Your article `No profit from protectionism’ May 1998 page 12, begs comment. I am the first to agree with the policy of facing competition directly but I am also a cynical pragmatist when it comes to believing that government understands what it means in reality. Take Europe for example, we have a `single market’ with `no barriers’, surely the stuff of anti protectionism? Look a little closer and you will see UK firms spending to comply with European legislation which which is as yet unrecognised by some of our European colleagues. Consequently our products are more expensive than theirs. Then there is the US perspective where their machinery manufacturers are not permitted to sell product in Europe, unless, that is, a European resident undertakes safety responsibilities.
This is hypocritical protectionism: we don’t believe in it but we can achieve the same ends.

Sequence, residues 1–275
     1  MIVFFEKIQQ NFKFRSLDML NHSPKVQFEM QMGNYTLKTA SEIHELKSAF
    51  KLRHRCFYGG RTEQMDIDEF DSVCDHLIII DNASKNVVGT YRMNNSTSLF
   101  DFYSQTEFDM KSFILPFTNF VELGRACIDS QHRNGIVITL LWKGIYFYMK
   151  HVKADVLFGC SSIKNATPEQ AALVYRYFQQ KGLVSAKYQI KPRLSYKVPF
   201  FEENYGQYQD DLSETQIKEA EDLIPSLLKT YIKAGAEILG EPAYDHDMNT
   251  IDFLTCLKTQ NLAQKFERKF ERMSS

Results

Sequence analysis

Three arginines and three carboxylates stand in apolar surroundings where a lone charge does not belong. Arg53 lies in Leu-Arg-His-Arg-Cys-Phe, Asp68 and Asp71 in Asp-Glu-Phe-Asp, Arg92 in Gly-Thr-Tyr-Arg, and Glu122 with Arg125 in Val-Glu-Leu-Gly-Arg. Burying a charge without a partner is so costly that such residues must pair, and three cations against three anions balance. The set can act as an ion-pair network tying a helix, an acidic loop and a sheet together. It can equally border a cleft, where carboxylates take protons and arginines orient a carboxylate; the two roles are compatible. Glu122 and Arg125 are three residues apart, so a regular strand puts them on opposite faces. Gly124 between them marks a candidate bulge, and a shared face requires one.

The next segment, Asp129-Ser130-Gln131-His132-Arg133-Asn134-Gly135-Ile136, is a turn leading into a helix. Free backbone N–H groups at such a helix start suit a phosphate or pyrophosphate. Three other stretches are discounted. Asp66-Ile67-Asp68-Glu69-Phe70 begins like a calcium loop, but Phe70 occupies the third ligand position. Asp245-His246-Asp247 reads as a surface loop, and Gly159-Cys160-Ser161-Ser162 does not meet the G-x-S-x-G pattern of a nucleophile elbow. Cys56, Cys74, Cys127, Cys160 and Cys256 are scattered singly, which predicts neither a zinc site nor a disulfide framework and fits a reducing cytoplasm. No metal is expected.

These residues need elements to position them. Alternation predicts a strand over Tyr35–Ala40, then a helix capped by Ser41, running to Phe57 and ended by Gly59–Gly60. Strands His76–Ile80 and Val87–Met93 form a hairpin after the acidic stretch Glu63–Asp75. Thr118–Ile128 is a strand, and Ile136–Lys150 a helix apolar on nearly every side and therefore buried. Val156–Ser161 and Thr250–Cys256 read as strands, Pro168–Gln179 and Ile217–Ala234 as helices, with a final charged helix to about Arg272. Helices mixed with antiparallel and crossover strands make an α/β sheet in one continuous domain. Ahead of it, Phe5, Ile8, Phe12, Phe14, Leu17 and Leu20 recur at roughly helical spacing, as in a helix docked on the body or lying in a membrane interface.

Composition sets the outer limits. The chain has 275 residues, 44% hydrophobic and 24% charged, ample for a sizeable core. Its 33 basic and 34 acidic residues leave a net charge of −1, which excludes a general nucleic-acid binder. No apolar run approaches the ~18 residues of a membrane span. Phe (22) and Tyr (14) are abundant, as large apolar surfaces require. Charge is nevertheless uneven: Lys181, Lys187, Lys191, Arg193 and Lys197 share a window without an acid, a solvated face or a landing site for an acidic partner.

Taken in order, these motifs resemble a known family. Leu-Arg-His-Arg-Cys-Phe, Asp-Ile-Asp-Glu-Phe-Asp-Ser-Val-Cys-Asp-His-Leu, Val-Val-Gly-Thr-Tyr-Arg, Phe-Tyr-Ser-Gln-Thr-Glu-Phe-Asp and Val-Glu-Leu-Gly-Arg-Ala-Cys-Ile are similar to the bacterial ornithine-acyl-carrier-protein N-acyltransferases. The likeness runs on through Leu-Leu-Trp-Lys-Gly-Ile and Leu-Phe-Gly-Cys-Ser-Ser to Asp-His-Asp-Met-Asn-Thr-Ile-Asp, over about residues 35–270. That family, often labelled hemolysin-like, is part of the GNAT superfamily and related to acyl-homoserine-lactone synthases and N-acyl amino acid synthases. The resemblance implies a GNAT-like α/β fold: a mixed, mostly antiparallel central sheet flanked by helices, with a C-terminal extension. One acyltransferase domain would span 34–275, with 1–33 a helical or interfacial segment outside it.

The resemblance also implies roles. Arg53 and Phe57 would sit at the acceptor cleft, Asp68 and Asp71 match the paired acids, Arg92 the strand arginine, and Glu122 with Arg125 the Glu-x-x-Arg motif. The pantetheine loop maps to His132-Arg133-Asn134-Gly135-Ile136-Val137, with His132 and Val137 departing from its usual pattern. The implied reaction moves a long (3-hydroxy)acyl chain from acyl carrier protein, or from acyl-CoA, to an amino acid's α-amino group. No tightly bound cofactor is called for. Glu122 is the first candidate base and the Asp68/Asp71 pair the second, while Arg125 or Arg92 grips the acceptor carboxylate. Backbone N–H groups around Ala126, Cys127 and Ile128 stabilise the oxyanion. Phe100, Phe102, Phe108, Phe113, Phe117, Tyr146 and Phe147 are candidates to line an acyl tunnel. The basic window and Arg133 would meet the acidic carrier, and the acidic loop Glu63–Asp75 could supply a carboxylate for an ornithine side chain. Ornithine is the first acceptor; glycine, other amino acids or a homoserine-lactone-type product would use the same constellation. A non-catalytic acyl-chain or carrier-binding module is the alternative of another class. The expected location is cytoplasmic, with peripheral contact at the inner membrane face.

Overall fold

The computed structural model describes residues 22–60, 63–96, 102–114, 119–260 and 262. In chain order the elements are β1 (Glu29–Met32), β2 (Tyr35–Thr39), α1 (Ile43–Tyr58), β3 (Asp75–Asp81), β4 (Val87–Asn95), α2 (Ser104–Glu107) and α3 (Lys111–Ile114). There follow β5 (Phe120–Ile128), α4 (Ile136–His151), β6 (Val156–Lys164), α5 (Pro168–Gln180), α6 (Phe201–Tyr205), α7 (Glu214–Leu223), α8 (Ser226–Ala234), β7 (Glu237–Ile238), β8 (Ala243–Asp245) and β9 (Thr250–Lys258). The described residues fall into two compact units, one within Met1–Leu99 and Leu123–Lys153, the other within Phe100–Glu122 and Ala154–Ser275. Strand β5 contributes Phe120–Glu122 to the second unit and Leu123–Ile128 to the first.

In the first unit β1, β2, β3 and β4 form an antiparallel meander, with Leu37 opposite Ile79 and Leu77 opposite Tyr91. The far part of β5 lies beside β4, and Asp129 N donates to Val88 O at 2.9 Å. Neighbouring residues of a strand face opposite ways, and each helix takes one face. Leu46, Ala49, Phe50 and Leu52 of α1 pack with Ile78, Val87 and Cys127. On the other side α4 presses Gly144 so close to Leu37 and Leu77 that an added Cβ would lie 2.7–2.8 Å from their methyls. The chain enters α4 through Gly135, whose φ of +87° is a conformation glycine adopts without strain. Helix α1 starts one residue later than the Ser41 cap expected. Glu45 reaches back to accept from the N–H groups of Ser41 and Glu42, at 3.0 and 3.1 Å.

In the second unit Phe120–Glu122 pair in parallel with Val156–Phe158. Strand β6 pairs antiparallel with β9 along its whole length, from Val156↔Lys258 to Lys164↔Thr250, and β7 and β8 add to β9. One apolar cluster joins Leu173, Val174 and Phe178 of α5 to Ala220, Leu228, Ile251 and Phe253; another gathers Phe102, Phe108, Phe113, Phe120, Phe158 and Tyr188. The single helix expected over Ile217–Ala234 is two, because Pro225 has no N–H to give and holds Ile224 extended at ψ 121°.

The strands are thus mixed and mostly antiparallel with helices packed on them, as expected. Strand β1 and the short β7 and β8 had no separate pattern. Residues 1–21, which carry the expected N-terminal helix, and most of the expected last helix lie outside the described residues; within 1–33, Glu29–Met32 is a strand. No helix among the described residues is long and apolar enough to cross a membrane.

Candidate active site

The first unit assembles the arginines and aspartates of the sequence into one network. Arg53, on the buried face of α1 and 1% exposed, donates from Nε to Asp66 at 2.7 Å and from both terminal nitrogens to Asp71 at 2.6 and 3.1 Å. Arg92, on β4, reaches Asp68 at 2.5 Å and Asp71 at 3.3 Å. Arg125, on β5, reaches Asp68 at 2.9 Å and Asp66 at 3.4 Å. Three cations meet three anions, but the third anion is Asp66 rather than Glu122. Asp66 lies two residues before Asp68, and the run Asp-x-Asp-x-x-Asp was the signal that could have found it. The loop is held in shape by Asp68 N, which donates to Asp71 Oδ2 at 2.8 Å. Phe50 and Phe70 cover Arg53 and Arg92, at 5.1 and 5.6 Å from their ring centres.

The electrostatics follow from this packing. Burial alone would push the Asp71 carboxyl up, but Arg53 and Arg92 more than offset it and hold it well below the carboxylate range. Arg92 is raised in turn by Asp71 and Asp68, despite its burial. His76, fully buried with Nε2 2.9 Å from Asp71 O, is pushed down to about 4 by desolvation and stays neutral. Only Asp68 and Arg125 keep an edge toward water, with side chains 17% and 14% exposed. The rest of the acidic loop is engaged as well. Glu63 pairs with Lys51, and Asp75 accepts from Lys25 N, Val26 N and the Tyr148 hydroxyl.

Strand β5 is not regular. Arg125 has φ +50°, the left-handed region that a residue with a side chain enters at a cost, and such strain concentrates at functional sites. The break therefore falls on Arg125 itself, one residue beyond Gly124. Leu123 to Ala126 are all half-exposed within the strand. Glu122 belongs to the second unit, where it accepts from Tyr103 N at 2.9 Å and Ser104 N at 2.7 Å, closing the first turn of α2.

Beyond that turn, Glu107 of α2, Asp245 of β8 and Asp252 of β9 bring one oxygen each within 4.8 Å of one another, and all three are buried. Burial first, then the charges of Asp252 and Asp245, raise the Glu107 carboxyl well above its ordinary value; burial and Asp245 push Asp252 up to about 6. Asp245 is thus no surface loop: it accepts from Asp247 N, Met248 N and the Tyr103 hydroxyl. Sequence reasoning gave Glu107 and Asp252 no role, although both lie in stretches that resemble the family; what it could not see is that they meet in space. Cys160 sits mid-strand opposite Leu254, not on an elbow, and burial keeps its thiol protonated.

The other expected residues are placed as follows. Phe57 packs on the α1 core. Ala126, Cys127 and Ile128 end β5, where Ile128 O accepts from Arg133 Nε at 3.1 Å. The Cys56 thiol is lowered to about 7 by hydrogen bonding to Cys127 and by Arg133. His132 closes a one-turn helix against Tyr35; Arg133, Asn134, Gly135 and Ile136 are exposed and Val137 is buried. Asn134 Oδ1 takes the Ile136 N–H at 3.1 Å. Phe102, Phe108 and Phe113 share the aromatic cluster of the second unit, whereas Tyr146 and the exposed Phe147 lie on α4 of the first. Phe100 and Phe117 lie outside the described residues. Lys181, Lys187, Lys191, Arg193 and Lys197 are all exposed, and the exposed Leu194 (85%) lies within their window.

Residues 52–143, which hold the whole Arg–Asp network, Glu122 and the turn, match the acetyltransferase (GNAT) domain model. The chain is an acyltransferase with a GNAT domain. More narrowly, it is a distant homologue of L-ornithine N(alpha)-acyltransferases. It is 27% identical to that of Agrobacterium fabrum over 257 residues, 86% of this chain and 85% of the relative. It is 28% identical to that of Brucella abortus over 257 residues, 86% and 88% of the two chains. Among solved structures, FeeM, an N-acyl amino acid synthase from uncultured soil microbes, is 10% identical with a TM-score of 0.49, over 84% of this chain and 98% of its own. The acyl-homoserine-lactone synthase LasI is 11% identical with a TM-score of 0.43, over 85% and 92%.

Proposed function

I do not believe that any UK government sets out to achieve this and their records in trying to influence Europe shows this. They do, however, get dragged into the maelstrom by France and Germany in particular whose motives in Europe at best seem doubtful.
As a friend pointed out, the best way to describe Europe to an outsider is to ask them to imagine that all the low walls around each country are being knocked down and one high one is being built with the bricks around the whole of Europe, and we will not have protectionism.